Cancer Institute A national cancer institute
designated cancer center

Stefanie S. Jeffrey, MD

Publication Details

  • CAMK1D amplification implicated in epithelial-mesenchymal transition in basal-like breast cancer MOLECULAR ONCOLOGY Bergamaschi, A., Kim, Y. H., Kwei, K. A., Choi, Y. L., Bocanegra, M., Langerod, A., Han, W., Noh, D., Huntsman, D. G., Jeffrey, S. S., Borresen-Dale, A., Pollack, J. R. 2008; 2 (4): 327-339

    Abstract:

    Breast cancer exhibits clinical and molecular heterogeneity, where expression profiling studies have identified five major molecular subtypes. The basal-like subtype, expressing basal epithelial markers and negative for estrogen receptor (ER), progesterone receptor (PR) and HER2, is associated with higher overall levels of DNA copy number alteration (CNA), specific CNAs (like gain on chromosome 10p), and poor prognosis. Discovering the molecular genetic basis of tumor subtypes may provide new opportunities for therapy. To identify the driver oncogene on 10p associated with basal-like tumors, we analyzed genomic profiles of 172 breast carcinomas. The smallest shared region of gain spanned just seven genes at 10p13, including calcium/calmodulin-dependent protein kinase ID (CAMK1D), functioning in intracellular signaling but not previously linked to cancer. By microarray, CAMK1D was overexpressed when amplified, and by immunohistochemistry exhibited elevated expression in invasive carcinomas compared to carcinoma in situ. Engineered overexpression of CAMK1D in non-tumorigenic breast epithelial cells led to increased cell proliferation, and molecular and phenotypic alterations indicative of epithelial-mesenchymal transition (EMT), including loss of cell-cell adhesions and increased cell migration and invasion. Our findings identify CAMK1D as a novel amplified oncogene linked to EMT in breast cancer, and as a potential therapeutic target with particular relevance to clinically unfavorable basal-like tumors.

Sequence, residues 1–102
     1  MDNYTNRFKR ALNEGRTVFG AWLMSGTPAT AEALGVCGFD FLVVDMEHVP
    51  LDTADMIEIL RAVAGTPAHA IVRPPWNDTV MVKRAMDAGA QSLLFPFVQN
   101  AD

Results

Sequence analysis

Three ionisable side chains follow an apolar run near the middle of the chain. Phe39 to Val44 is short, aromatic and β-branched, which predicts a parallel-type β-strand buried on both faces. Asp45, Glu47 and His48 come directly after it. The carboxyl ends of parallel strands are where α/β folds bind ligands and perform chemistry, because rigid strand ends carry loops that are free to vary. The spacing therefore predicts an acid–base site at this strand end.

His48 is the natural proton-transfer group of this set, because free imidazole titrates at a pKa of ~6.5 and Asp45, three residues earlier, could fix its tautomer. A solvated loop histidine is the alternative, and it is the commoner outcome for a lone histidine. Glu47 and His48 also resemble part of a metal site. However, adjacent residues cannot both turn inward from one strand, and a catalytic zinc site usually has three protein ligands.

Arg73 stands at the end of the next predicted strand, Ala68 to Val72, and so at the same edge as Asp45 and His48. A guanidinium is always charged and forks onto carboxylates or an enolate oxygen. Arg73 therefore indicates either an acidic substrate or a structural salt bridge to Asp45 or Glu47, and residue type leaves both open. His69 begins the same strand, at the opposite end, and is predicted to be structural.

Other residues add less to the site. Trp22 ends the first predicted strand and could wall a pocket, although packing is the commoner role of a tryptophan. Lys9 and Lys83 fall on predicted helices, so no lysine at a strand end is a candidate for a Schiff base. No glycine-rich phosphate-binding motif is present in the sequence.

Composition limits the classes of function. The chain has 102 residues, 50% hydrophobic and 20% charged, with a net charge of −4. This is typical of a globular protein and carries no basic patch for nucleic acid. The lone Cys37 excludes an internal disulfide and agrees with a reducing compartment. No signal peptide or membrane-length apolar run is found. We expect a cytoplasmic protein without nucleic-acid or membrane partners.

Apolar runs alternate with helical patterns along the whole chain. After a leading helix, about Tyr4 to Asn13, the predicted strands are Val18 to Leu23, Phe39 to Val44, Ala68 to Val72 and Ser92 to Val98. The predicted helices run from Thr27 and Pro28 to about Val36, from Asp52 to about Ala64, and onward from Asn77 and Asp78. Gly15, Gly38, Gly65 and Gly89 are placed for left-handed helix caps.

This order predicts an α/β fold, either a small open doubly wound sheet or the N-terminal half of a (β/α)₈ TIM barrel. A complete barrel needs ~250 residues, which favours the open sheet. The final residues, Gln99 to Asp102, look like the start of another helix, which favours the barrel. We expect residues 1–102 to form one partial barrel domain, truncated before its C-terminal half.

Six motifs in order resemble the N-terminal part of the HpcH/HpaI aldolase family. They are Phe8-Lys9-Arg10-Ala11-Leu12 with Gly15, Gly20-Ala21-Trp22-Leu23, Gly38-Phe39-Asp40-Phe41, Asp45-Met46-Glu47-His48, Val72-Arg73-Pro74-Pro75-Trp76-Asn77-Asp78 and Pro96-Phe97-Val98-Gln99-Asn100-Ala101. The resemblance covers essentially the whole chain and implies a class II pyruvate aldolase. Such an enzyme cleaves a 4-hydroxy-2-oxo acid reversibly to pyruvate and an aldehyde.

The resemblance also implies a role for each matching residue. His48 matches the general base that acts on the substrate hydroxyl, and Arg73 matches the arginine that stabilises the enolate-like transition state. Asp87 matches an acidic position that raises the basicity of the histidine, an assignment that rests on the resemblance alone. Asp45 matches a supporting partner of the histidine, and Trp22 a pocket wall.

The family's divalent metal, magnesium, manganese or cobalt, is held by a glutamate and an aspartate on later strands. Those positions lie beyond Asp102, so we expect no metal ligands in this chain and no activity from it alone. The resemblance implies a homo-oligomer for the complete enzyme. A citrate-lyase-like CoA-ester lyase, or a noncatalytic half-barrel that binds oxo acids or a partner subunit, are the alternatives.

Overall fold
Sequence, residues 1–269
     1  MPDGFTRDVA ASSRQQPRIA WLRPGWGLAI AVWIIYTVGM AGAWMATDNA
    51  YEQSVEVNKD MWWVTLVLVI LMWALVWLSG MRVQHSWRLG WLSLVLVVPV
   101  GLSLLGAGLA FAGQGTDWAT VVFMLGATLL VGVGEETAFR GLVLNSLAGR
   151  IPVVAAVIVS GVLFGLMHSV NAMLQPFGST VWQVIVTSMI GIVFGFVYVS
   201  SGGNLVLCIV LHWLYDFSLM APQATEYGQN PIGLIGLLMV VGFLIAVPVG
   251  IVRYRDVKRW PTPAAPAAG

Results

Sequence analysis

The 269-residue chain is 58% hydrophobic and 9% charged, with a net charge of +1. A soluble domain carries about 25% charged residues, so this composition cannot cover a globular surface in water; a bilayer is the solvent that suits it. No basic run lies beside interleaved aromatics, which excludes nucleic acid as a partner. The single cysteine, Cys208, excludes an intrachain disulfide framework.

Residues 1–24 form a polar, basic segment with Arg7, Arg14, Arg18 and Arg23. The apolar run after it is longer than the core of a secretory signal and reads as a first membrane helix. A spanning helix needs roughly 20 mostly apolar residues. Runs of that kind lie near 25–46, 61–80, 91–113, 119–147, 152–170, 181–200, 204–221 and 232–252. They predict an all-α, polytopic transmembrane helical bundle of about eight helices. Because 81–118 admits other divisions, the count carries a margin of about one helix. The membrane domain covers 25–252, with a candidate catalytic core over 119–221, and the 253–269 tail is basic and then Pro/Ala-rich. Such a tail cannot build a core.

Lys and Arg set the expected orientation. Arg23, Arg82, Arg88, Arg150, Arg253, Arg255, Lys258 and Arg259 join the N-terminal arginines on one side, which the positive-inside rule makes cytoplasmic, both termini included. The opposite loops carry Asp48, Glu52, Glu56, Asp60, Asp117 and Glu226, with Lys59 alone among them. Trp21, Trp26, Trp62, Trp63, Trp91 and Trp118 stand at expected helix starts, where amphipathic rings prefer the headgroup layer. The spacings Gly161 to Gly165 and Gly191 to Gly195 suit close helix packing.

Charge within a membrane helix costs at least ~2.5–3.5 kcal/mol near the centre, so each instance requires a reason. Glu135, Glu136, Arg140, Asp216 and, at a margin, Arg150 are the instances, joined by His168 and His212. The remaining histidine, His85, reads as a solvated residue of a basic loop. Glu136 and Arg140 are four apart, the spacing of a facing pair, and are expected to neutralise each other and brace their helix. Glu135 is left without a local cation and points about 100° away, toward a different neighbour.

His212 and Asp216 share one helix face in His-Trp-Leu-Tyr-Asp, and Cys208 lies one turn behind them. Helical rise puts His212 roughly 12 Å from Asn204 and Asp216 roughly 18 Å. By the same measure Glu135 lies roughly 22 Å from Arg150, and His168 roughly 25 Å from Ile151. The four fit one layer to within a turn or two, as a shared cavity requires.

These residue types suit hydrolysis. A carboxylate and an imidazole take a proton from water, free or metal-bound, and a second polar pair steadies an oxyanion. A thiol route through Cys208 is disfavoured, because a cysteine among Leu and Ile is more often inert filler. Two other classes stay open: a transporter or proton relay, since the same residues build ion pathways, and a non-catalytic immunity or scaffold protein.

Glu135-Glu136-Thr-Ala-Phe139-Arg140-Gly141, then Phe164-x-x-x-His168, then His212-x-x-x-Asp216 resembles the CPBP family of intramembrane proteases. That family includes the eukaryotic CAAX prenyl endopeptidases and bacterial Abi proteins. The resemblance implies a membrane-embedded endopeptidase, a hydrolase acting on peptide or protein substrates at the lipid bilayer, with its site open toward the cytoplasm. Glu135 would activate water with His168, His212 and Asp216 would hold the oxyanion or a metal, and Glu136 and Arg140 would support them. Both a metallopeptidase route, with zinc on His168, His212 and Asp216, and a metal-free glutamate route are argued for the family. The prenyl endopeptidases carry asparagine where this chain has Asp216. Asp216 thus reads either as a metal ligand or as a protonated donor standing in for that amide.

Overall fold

View details for DOI 10.1016/j.molonc.2008.09.004

    View details for Web of Science ID 000264062400005

    View details for PubMedID 19383354

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